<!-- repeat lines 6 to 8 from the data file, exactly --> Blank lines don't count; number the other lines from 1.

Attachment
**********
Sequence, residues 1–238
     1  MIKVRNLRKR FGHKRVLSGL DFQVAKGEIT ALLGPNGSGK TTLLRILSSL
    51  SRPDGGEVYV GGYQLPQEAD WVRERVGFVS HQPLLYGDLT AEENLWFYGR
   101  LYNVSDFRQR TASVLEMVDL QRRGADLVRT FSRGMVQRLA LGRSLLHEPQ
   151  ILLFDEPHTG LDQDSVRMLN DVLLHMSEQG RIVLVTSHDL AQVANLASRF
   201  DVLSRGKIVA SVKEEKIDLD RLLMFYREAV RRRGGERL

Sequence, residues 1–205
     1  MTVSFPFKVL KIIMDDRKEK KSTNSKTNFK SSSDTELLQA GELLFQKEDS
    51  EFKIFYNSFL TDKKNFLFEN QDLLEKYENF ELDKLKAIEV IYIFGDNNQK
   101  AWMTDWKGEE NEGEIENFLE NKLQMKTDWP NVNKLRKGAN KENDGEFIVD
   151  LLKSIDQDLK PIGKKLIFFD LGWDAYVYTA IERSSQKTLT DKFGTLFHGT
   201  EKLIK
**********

   201  DVLSRGKIVA SVKEEKIDLD RLLMFYREAV RRRGGERL

Sequence, residues 1–205
     1  MTVSFPFKVL KIIMDDRKEK KSTNSKTNFK SSSDTELLQA GELLFQKEDS